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Make Peace, Not War
The 30-Degree Rule can help you avoid obstacles and scratches and open clusters.
By "Dr. Dave" Alciatore
IF YOU don't know about the 30-degree rule, learning it can truly transform your game. Like the 90-degree rule - which predicts that a cue ball with stun (i.e., no top or bottom spin) will continue at a 90-degree angle from the object ball's direction - this principle helps you predict the path of a cue ball. Knowledge of the 30-degree rule will help immensely when you're planning to avoid obstacles, break open clusters, avoid scratches and plan carom and billiard shots.
The 30-degree rule states: When the cue ball hits an object ball with normal roll close to a half-ball hit, the cue ball will deflect approximately 30 degrees away from its initial aiming line (as shown in Diagram 1).
To be able to apply the 30-degree rule, you need to visualize an appropriate angle along which the cue ball will roll. For this, I've developed Dr. Dave's Peace Sign Technique. For most people, if you form a relaxed but firm "V" shape with your index finger and middle fingers (a "peace" or "victory" sign), the angle between your extended fingers will be very close to 30 degrees, as you can see in Diagram 2. If you point one of your fingers along the aiming line, the other finger will indicate the direction of the cue ball after impact. Just be sure to align the angle vertex point (where the lines of the two fingers meet) with the center of the ghost ball (the dotted-line ball in Diagram 1).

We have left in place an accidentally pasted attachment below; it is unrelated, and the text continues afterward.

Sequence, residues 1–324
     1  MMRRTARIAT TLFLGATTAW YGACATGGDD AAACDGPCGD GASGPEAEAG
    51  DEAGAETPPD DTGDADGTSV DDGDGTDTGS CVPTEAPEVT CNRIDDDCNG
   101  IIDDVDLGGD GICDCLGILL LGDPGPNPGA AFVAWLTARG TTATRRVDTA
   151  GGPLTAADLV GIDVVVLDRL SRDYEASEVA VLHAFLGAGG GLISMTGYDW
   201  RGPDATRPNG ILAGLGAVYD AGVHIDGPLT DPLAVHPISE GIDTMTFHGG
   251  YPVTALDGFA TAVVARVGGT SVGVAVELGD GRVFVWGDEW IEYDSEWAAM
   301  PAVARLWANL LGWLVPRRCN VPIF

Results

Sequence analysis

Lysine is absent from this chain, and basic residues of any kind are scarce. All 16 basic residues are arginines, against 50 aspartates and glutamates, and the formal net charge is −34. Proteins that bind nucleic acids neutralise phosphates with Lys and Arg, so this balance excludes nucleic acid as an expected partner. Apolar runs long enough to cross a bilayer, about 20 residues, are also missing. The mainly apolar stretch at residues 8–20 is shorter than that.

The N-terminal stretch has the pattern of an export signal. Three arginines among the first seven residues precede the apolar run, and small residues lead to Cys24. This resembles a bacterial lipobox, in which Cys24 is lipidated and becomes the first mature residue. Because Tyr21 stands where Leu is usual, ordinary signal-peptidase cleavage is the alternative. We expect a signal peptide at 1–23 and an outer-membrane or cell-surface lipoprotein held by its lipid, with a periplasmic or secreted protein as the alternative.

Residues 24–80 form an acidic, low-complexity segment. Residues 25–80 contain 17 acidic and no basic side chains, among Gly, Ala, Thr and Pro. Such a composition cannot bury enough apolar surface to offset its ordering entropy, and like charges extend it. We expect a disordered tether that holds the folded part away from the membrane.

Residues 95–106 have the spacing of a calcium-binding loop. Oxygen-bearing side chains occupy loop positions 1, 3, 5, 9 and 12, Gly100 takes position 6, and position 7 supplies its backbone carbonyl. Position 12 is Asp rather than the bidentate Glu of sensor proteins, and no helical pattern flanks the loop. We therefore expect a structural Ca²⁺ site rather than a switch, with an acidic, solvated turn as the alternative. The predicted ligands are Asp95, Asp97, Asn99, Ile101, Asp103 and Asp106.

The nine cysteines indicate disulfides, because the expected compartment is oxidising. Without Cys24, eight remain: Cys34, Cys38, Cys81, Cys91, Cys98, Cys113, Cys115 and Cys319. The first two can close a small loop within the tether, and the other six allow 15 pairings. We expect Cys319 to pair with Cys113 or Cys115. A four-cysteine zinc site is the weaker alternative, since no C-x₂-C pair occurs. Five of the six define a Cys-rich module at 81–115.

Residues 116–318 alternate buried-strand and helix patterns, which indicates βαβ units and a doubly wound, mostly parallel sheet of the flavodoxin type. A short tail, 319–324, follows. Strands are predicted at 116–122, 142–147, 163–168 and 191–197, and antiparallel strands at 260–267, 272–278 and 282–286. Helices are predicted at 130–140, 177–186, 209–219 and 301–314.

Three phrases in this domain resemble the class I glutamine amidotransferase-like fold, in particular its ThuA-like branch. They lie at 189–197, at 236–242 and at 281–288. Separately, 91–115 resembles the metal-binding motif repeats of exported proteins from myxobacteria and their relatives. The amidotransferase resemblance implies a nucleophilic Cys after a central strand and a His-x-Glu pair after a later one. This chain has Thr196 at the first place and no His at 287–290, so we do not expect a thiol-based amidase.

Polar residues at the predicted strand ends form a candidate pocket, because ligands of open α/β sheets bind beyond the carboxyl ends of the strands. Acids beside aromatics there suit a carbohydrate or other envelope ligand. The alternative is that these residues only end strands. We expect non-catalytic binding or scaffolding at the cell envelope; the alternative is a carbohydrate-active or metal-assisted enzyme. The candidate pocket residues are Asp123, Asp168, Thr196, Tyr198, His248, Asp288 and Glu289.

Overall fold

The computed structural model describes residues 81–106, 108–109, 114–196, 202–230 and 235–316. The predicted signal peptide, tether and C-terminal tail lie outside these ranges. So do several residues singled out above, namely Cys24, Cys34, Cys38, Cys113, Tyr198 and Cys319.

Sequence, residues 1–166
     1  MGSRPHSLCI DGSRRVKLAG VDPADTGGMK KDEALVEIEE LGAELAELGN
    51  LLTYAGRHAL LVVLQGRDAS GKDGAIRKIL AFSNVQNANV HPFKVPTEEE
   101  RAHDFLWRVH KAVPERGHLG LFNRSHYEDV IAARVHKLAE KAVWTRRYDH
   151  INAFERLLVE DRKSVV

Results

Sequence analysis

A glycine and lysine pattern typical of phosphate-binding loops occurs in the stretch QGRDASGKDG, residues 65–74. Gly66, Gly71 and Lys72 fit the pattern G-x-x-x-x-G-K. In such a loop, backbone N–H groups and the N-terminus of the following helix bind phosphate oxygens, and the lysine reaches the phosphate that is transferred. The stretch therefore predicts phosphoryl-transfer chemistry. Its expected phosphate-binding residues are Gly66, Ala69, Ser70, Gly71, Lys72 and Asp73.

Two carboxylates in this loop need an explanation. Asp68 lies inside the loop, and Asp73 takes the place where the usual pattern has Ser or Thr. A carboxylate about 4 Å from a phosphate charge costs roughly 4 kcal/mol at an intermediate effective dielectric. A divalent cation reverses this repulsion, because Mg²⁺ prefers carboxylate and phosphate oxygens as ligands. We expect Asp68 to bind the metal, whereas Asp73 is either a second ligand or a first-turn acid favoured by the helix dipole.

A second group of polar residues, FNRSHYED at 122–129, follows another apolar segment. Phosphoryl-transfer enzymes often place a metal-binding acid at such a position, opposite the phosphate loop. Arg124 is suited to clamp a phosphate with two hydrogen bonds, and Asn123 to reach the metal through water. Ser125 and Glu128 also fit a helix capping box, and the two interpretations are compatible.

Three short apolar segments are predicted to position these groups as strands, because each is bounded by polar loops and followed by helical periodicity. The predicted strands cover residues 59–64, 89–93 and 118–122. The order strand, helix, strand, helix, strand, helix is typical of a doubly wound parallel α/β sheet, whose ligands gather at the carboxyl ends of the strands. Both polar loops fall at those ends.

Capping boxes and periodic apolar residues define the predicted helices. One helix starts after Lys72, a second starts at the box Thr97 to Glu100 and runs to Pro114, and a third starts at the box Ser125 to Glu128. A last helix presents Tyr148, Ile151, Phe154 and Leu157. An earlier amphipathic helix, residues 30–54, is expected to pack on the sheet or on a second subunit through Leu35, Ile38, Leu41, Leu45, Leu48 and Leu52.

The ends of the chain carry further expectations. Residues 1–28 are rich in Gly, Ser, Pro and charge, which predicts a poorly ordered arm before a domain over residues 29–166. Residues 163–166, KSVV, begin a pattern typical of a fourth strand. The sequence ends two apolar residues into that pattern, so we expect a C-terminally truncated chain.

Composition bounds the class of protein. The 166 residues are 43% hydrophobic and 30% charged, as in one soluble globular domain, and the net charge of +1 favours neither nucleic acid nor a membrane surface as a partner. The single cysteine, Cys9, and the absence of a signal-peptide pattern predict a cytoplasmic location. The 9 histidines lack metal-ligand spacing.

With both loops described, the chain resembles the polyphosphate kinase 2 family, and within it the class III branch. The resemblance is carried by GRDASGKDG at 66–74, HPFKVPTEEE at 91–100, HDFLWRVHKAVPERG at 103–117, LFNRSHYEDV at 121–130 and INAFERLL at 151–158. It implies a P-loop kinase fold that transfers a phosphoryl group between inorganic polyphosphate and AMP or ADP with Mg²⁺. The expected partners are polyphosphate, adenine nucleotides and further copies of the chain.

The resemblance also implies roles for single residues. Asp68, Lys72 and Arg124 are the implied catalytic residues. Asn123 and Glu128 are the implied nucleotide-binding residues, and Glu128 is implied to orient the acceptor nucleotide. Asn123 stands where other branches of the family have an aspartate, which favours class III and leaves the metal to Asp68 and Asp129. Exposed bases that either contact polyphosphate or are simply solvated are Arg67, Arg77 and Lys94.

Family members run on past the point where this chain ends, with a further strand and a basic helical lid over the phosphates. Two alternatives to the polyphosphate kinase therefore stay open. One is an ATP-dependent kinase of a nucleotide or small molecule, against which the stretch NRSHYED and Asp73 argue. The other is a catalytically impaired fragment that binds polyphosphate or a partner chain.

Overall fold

Avoid Obstacles: The 8-ball layout in Diagram 3 is a perfect example. You want to play position from the 1 to the 6 ball, going off the short rail. With natural roll, the cue ball will deflect to the left. With your peace sign, you know the cue ball will avoid the cluster of stripes, so you'll be in good shape to run out for the win.
Carom Shots: Both the 30-degree and 90-degree rules can be used to measure carom shots, where you deflect one ball (the cue ball or object ball) into another to make a shot. These shots can be difficult, but can be important weapons if you can predict the cue ball's path. In Diagram 4, you can see that a 30-degree hit on the 3 ball will send the cue ball straight into the 9 in the corner. This shot should be easy to make, as long as you the cue ball is rolling at impact with the 3.
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Since 1978, Billiards Digest magazine has been the pool world’s best source for news, tournament coverage, player profiles, bold editorials, and advice on how to play pool. Our instructors include superstars Nick Varner and Jeanette Lee. Every issue features the pool accessories and equipment you love — pool cues, pool tables, instruction aids and more. Columnists Mike Shamos and R.A. Dyer examine legends like Willie Mosconi and Minnesota Fats, and dig deep into the histories of pool games like 8-ball, 9-ball and straight pool.
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